Women at the White House have started using a simple, clever trick to get heard

“What she said.”
“What she said.”
Image: Reuters/White House/Pete Souza
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The challenges of a job at the White House are tough and manifold, but at least one of them—the challenge of getting heard—has historically been tougher for women.

For one thing, there are fewer of them at the table: all presidents so far have been men, and among their top aides men have to date heavily outnumbered women. But another factor that weighs on how much women’s ideas get heard and credited isn’t confined to politics. Across sectors, and both in and outside work, women get interrupted more often than men—by people of both genders.

The interruption disparity, backed up by decades of research, is now so recognized there’s a word for it: manterrupting.

But at the White House, one former staffer explained to the Washington Post, women started using a simple rhetorical technique to stop interruptions and reinforce points made by other women. When a woman made a good point, another woman would repeat it, and give credit to the originator. This made the idea harder to ignore, or to steal. The women called the technique “amplification.”

“We just started doing it, and made a purpose of doing it,” one of president Barack Obama’s former aides told the Post. “It was an everyday thing.” She said that Obama noticed and began calling on women more often.

The women, perhaps unconsciously, had noticed two things. First, that repetition is one of the simplest ways of reinforcing any point—which can be seen through history across oratory and poetry. But secondly, that simply hammering a point home by repeating it oneself has limitations, especially in a competitive environment where everyone is clamoring to be heard. Some researchers have hypothesized that women are interrupted more because their conversational style tends to be collaborative, where men tend to be more competitive.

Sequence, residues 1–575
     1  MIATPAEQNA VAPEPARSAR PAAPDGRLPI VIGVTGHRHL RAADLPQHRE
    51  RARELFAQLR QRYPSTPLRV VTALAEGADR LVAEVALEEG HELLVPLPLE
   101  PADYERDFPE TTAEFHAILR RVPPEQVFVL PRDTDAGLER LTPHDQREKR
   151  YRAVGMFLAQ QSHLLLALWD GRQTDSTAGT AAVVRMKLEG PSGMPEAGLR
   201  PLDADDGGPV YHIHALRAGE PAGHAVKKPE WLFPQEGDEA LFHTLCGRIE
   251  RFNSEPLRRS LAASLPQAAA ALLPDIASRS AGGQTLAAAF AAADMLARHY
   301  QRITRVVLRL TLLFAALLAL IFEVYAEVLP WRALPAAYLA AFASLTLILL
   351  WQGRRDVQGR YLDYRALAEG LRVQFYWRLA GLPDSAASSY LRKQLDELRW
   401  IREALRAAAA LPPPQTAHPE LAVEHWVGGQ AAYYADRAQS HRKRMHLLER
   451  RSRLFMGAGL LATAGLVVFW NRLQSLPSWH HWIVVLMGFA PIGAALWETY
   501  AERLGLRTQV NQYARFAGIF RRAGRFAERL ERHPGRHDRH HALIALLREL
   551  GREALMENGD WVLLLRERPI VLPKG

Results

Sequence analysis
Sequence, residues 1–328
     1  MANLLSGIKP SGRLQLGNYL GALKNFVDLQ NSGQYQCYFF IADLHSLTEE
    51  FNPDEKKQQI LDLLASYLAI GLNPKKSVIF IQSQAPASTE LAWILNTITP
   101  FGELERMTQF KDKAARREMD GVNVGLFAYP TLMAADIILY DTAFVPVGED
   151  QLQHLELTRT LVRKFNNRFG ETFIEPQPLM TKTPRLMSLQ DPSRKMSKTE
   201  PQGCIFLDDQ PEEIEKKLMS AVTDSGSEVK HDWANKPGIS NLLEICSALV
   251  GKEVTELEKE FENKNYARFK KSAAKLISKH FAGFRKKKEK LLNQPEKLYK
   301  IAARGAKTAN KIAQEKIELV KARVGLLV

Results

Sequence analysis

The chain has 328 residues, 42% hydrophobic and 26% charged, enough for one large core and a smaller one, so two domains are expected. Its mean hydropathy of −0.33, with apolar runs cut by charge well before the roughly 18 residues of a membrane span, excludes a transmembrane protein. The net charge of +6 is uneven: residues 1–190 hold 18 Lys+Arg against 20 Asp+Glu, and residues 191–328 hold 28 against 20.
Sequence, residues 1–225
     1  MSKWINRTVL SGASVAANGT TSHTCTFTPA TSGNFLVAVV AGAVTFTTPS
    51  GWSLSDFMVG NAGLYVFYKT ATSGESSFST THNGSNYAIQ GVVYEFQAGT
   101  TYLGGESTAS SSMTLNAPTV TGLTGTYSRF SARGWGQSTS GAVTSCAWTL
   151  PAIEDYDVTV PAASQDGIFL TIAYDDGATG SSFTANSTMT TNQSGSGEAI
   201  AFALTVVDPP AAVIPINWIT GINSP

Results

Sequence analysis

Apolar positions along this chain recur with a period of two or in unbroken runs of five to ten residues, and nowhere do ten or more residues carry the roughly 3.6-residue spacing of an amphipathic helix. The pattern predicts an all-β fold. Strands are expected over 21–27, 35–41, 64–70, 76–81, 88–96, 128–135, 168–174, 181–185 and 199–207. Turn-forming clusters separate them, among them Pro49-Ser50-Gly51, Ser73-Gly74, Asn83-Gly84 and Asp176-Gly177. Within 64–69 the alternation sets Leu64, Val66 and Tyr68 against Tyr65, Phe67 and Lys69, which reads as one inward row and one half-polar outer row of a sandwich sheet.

The trick may have come about organically, but it’s by no means a given than women should support each others’ ideas that way. The presence of only a few women in a room historically gave rise to a different response, noted Facebook COO Sheryl Sandberg in her book Lean In:

In the days of tokenism, women looked around the room and instead of bonding against an unfair system, they often viewed one another as competition…women wound up being ignored, undermined, and in some cases even sabotaged by other women.

It’s a safe bet that many Obama staffers, and those who come after them, will have read books like Lean In and taken the lessons away. The ideas of cooperation they promote are already making their way into the wider workplace.